Tackling The Football Season

Sam Bremer, Deputy Editor, Sports and Wellness

We can all pretend high school football was the same as ever last year. We can all act like despite coronavirus limitations, the constant threat of quarantine and no fans in the bleachers, the 2020-21 season was just another regular year for the players and coaches. But the truth is that it simply wasn’t. 

Excitement, intensity and passion are the pillars on which high school football was built, and those elements are very hard to recreate when playing in empty stadiums. On the one hand, Minnetonka varsity football players, coaches, and fans were robbed of what should have been a really fun 2020 season, but, on the other, Tonka football is attacking the 2021 season with a renewed intensity that we haven’t seen in a while due to last year’s challenges.

After beating Edina and Blaine in the first two games of the ‘21 season in front of loud and exuberant Skipper fans at Einer-Anderson Stadium, this year’s team looks promising. After the 28-3 Week 2 defeat of Blaine, a student, who asked not to be named, set the Skippers’ ceiling at a State Championship Victory. 

Varsity Head Coach Mark Esch, however, has even more ambitious plans.

“Our peak performance may not mean an undefeated, perfect season, but we’ll perform at the highest level we’re capable of,” he said.

 The ultimate goal for Esch and the Skippers’ coaching team, rather than winning any one game or achieving a certain milestone, is for the players to say “wow, [we] played pretty well [last week], but got better this week. That’s the goal every week.” 

“Success in football and life is doing the best you can with the tools you’ve been given […] do the very best you can in all aspects of your life. You’re not going to be perfect, but you can be successful,” Esch said. 

Easily the best way to get better week to week, as well as throughout the season, is to have a strong culture in place where the players, coaches and parents understand their role and will do whatever it takes to better the team and themselves. 

“Common Vision is very important. We talk about creating a culture of character, and that’s our number one goal. We feel like if we create a culture of high character, that’ll take care of the wins,” Esch said.  

The biggest aspects of a strong team culture are a balance between work and play, having off-field success and being selfless.

One of the most effective coaching tactics in all sports is being fun to play for. So-called drill sergeants who spend practice bullying and berating players are a thing of the past, and Esch is well aware of that. 

“I think humor can come at any time, whether it’s in a meeting or on the football field. For the kids and coaches, [the fun aspect] is kind of the new norm. We have a good idea of how to balance the work. When the defense makes a good play in practice, you’d better believe they will celebrate, but the very next play, they’ll be back out on the field, focused in again,” he said. “There’s just an understanding, and a framework set by the coaching staff of, ‘hey, we can have fun but we’ve got to get the work done.’ And I think everyone’s kind of on the same page with that.”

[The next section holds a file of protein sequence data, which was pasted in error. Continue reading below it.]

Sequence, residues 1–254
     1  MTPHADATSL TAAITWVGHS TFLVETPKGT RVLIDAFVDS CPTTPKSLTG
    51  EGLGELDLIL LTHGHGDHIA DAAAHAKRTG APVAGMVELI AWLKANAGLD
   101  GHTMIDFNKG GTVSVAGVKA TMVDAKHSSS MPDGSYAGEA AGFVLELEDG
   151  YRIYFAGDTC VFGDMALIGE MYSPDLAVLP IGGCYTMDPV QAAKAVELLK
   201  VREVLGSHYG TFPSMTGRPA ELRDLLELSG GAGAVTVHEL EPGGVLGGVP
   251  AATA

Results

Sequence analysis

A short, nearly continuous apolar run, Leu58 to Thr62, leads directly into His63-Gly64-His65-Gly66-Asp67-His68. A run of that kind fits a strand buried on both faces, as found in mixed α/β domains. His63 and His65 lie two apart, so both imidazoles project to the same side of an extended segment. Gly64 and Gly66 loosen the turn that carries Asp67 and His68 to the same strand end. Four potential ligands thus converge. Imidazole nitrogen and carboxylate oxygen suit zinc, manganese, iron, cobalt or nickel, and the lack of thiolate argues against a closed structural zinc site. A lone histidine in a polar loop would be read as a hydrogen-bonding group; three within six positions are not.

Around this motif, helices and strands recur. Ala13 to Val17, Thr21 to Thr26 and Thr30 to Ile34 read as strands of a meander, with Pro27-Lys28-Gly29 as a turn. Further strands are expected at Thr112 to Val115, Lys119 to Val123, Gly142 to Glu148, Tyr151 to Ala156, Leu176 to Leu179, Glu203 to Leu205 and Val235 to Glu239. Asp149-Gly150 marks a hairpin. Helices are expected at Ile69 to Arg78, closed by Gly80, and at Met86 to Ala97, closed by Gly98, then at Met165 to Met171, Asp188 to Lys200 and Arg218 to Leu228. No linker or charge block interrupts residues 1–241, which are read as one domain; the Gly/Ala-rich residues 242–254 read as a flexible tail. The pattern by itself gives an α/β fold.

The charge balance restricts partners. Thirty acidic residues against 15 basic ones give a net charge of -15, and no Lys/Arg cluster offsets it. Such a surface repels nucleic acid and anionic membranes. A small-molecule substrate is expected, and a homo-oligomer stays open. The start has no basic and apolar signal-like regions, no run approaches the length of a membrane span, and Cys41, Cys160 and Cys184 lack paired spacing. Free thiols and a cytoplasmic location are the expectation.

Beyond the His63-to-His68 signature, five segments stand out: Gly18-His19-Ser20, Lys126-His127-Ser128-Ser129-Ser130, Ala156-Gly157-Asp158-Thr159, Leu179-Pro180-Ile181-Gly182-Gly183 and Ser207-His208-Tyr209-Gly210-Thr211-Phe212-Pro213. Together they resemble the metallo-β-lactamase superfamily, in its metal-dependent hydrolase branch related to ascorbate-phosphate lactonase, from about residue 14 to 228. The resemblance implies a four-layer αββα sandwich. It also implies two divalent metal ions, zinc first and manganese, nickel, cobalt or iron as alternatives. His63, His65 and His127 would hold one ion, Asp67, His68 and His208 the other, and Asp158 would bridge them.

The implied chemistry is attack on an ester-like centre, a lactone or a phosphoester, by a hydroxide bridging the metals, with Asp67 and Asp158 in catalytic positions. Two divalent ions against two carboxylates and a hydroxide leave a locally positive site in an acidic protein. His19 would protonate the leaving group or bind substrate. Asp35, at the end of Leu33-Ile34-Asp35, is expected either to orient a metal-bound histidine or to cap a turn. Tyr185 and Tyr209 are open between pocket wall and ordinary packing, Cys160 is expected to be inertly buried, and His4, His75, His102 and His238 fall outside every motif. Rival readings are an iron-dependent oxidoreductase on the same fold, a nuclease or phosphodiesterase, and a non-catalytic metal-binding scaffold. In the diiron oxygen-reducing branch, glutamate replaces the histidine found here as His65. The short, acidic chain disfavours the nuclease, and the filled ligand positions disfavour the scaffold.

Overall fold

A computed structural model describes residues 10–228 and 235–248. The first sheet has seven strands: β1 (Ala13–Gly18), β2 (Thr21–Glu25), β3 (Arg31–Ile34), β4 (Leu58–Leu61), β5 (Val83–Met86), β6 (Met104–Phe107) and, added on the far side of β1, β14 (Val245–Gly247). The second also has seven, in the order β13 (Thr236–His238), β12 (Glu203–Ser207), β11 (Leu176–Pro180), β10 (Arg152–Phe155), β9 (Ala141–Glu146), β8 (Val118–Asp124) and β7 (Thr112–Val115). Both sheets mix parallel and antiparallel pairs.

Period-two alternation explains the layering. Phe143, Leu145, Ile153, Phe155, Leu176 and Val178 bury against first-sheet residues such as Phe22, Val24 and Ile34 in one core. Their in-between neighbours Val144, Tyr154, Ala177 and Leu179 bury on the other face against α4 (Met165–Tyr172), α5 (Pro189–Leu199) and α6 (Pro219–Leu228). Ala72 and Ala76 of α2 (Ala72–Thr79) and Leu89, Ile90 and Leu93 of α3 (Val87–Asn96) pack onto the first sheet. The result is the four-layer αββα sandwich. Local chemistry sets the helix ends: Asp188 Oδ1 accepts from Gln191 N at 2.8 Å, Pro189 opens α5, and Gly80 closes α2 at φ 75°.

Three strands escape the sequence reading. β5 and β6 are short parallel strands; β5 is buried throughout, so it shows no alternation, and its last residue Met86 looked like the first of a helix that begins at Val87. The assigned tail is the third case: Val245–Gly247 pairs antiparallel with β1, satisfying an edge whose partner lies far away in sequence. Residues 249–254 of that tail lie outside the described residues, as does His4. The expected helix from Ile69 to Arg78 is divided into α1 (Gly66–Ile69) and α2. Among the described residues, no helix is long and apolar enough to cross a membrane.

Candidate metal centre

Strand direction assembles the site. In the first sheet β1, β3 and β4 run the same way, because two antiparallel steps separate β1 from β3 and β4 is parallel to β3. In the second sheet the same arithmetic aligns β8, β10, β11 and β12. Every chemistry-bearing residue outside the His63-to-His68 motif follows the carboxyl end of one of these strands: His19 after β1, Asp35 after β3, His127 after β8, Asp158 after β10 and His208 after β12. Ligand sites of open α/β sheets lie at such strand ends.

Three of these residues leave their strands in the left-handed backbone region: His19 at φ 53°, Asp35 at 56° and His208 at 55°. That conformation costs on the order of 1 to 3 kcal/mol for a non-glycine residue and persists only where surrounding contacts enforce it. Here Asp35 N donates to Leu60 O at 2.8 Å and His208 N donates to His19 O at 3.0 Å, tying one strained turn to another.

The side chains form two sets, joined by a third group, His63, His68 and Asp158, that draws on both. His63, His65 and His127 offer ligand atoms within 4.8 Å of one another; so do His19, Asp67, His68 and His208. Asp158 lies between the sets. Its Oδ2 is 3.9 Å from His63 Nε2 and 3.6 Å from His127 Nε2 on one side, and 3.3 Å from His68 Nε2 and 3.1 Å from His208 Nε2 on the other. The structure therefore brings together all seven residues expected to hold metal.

According to Esch, off-the-field success is just as important as on-the-field success for the Skippers. 

“It’s difficult to say ‘I’m a successful football player but I’m failing all my classes’. They correlate with each other. One area of your life will affect the other, no doubt. Whether it’s academics, social, mental, emotional, or physical. All these areas intersect and are intermingled […] How you treat your parents, how you do academically, how you treat your friends…It’s all gonna play out eventually on the football field and vice versa,” he said.

One of the most common phrases used around the Skipper Football program is the acronym “INAM” which stands for “It’s Not About Me”. It is what Esch and the rest of the coaching staff expect from their players. 

“We’re talking about being selfless, putting others before yourself, playing for the person next to you, and playing to serve the team. That’s when we’re gonna be able to reach peak performance,” he said. 

Whether it’s an assistant coach staying up all night drawing up passing plays when he’s already tired or a player accepting a scout-team role to get the offense ready for the next week’s game, the Skippers understand that football is much more than just a couple players. There are countless people and players behind the scenes that make the team successful, and unless everyone is on the same page—working towards the common goal of team success—it’s very hard to have a successful football team.

For those who have watched the Minnetonka football team’s performance thus far, it’s clear that they are a talented team all around. But, what’s even more clear is that they have put in the work and preparation to be the best team possible each and every week. If Breezes readers are Skipper fans, can they really ask for much more than that? 

As for what to expect from Tonka football for the rest of the ‘21 season, Coach Esch’s next quote sums it up. 

“I think you will see a team that plays extremely hard, that will never give up, that will respond to adversity and keep their cool, and that will constantly improve.” 

You couldn’t cook up a better recipe for success than that.